The Student News Site of Taipei American School




SJW Spotlight: Christine Lin, Arts and Culture Editor


When you write a story in journalism class, you’re doing more than just homework. You’re not just churning out another 2000-word history essay on a topic you don’t really care about, completing math problems just to get them over with, or completing an assignment because the teacher will be checking it next class. That’s what sets journalism class apart from any other class in school: you’re not doing something just because the teacher told you to, you’re doing it because you want to.

Journalism is a class where you get to write to express yourself and talk about the things that really matter to you (whether it is something as lighthearted as a new cafe that opened in Taipei or something as serious as cheating at TAS). You write to improve and enrich yourself, and the work you do everyday benefits you.

In journalism, you get to bring up issues that nobody talks about, start conversations around TAS, and interview interesting people you might never have talked to. I have made new friends through journalism, become more comfortable with interviews and talking to strangers, and improved my confidence. That may sound strange, but it’s true, because in journalism, you’re not just sitting in front of a sheet of paper and writing alone. You’re talking to other people, getting their thoughts, ideas, and opinions, and interacting with the community around you. You’re putting your work out there for other people to read and judge, and constantly improving and responding.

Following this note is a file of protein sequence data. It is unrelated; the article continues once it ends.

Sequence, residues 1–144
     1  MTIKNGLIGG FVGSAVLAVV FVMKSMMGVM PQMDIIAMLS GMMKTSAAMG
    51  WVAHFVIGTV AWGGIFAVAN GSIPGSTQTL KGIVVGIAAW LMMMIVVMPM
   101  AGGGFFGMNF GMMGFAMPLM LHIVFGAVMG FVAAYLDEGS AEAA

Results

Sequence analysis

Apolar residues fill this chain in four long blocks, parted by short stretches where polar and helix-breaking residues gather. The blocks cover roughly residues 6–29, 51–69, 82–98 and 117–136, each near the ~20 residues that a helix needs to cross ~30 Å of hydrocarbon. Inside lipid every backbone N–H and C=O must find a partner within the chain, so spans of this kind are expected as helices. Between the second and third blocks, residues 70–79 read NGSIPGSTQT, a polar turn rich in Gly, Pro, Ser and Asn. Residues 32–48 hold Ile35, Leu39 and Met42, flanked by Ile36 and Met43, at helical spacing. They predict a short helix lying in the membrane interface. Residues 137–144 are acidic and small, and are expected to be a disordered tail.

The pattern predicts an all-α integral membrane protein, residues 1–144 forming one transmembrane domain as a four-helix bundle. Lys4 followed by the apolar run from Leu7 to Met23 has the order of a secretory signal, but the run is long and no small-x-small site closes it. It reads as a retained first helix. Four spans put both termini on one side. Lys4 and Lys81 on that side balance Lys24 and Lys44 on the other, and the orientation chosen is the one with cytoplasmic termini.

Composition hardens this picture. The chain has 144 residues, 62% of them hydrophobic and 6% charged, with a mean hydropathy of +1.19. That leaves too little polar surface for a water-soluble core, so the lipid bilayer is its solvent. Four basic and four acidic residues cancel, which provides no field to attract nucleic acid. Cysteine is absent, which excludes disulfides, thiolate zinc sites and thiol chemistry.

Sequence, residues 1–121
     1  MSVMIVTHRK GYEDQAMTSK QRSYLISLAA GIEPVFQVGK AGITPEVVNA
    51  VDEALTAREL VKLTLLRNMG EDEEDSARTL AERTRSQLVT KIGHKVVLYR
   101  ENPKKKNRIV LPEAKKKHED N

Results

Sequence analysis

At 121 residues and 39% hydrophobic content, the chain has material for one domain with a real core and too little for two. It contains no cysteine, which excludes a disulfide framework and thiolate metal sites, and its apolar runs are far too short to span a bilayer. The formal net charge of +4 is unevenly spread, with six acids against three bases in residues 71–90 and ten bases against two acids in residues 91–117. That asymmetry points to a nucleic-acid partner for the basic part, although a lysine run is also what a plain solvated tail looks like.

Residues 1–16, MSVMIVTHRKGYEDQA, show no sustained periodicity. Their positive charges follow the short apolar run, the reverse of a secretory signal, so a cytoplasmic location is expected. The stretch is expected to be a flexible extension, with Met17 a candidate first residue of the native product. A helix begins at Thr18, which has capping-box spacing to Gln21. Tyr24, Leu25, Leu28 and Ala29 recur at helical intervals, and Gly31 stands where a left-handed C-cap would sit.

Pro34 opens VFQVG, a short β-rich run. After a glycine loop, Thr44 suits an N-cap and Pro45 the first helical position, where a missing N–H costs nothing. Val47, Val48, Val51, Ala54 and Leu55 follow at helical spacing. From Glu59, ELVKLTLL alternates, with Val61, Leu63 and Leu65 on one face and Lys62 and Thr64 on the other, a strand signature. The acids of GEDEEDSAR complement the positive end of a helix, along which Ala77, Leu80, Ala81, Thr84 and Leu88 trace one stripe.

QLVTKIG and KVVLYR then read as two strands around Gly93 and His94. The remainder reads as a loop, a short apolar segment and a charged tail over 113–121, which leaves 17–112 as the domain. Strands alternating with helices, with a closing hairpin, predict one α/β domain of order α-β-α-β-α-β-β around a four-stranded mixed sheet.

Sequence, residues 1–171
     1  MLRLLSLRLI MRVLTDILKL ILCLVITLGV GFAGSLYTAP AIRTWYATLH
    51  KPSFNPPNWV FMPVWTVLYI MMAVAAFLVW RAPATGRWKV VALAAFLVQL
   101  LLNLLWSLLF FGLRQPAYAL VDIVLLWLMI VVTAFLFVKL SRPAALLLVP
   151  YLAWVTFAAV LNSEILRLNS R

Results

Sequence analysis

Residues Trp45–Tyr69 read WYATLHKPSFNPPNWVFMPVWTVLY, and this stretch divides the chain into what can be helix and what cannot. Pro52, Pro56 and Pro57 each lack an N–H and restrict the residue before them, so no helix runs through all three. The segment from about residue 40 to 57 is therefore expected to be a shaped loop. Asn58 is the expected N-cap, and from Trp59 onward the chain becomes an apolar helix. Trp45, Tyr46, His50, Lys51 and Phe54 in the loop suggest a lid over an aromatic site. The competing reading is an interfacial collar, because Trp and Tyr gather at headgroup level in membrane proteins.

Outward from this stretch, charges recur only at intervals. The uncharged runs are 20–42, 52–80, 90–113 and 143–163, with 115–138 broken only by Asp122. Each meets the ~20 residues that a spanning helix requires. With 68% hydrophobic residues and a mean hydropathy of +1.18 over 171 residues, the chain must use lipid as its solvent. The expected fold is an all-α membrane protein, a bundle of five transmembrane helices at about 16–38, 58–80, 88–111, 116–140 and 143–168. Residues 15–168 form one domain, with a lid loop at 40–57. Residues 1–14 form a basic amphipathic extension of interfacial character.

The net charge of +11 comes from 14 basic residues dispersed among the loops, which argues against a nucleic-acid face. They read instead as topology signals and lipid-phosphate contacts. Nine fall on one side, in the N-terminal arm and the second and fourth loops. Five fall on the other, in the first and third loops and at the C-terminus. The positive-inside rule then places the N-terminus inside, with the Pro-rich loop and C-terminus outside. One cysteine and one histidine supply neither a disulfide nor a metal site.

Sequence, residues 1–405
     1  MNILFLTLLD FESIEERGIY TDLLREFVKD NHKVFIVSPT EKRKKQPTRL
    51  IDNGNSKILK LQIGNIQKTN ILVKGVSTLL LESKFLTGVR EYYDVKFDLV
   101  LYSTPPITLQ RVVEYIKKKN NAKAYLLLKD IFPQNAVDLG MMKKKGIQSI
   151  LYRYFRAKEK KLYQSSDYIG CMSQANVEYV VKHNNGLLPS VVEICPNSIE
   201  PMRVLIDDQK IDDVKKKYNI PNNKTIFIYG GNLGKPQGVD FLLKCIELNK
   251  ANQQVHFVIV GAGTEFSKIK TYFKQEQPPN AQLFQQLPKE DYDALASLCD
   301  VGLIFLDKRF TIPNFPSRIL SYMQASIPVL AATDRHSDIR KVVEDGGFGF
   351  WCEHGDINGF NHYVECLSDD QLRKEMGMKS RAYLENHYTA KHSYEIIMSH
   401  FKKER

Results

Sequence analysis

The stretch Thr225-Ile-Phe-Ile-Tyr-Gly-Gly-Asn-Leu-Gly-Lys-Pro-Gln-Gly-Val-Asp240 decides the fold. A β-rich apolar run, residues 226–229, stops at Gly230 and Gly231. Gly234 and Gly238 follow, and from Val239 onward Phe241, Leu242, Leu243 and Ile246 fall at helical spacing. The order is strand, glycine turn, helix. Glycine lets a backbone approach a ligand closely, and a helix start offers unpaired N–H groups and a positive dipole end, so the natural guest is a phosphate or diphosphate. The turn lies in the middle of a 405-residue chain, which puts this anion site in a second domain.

But most importantly, journalism is about anything you want. Journalism is not limited to articles you might find on CNN and BBC, and it is not limited to news writing. In journalism, you can write about anything: arts and culture, opinion, feature, or a review and even explore newspaper layout design, photography, and video. Journalism is more than just describing an event: it’s about starting conversations, creating something you are proud of, and having your voice heard.

There are few things better than putting your hard work into an article or layout page, seeing the final product printed out, and hearing someone say they enjoyed reading your article. High school might be the only time you get the rare opportunity to have your work distributed and published to the entire student body. You get to open your eyes to what is going on around you, improve your people and writing skills, and make your own voice heard. What could be better than that?

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